W&H: How did you get your film funded? Share some insights into how you got the film made.
RW: We made the film with good, old-fashioned private financing from folks who just loved the script. Steve Samuels and Milan Popelka get all the credit for pulling together the money/wonderful financing syndicate.
I’m so grateful that we were able to make the movie with equity — film finance is always complicated no matter what, but it’s always a bit easier when there isn’t a complex banking deal or foreign sales agreements up front with smaller films.
W&H: What inspired you to become a filmmaker?
RW: Originally I didn’t think of myself as a filmmaker — I thought of myself as each of the different jobs I had in the business: PA, 2nd AD, producer’s assistant, development exec, VP Production, producer, writer, director. I definitely wrangled cable in there somewhere too.
Over time I have come to realize that we are all filmmakers, no matter the job we do. We are helping to make film, shoot footage — movie magic doesn’t happen without the whole crazy lot of us.
I do think I always wanted to be a storyteller, even when I was a young Valley Girl and my actual stories probably had a million of the word “like” in them! My poetry, drawn pictures, photography, and all of my design choices were and are little stories I wanted and want to convey.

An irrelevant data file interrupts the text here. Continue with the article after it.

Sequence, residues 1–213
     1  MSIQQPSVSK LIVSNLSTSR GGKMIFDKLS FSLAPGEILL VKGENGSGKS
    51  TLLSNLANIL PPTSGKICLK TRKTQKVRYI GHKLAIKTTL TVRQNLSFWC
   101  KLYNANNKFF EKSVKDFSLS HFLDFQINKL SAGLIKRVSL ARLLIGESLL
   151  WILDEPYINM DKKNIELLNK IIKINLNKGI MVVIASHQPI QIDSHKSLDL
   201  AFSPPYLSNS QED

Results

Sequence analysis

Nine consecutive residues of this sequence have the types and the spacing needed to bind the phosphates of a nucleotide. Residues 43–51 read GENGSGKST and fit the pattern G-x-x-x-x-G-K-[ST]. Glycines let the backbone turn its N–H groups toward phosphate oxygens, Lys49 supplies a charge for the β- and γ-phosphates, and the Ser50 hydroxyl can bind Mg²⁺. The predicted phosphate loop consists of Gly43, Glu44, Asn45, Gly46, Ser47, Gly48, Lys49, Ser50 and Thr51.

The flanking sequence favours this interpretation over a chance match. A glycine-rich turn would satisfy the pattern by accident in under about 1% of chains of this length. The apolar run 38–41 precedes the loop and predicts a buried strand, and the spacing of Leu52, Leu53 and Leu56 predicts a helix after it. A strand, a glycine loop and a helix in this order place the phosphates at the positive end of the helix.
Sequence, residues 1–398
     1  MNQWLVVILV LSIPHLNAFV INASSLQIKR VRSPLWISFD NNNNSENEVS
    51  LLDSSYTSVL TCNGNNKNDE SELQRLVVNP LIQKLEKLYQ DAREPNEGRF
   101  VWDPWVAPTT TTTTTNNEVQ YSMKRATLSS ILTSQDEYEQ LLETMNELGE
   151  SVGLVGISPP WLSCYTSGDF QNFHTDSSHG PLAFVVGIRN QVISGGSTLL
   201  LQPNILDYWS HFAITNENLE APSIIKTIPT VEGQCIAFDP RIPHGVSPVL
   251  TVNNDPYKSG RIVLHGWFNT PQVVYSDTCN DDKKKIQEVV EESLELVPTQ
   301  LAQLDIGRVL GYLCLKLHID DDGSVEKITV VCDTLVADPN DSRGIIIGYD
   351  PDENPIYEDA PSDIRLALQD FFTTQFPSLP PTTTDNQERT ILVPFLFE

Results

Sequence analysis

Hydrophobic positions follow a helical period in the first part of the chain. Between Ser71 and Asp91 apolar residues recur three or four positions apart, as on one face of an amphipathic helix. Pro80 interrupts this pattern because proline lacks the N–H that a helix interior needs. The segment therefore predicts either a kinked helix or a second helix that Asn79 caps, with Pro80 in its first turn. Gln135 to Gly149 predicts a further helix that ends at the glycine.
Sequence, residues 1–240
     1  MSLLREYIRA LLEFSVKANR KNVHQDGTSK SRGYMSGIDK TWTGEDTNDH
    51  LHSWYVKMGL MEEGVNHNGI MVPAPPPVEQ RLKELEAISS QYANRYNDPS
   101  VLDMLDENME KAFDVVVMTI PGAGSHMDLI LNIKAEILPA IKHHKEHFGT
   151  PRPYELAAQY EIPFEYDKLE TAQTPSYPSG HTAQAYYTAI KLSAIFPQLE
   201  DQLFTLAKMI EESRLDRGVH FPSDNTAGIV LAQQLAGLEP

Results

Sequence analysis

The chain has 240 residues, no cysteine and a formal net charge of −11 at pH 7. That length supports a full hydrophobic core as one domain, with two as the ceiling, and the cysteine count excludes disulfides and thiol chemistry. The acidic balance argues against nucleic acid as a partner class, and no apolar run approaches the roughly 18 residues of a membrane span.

W&H: What’s the best and worst advice you’ve received?
RW: The best advice came from my first mentor and phenomenal line producer Steve Nicolaides. He said, “A producer should be the first to get there and the last to leave — you are the cheerleader of the film.” I took that and ran with that for everything else, especially directing. If you are cranky, difficult leader, why should all these other talented people show up and give their all?
The worst advice I got? “Have a back up plan.”
W&H: What advice do you have for other women directors?
RW: I say to everyone, as lame as it sounds, “Follow your dreams. Don’t let anyone tell you that you can’t do it. Chances are you might be the only one standing in your way.”
It’s true what William Goldman said: “No one knows anything.” But that isn’t the same thing as “You can’t do that.”
W&H: Name your favorite woman-directed film and why.
RW: Amy Heckerling’s “Clueless.” For any director, it’s a feat when a film is beloved like that and instantly becomes part of the culture, takes its place in movie history, and gets shared from generation to generation. It’s timeless entertainment.
W&H: How are you adjusting to life during the COVID-19 pandemic? Are you keeping creative, and if so, how?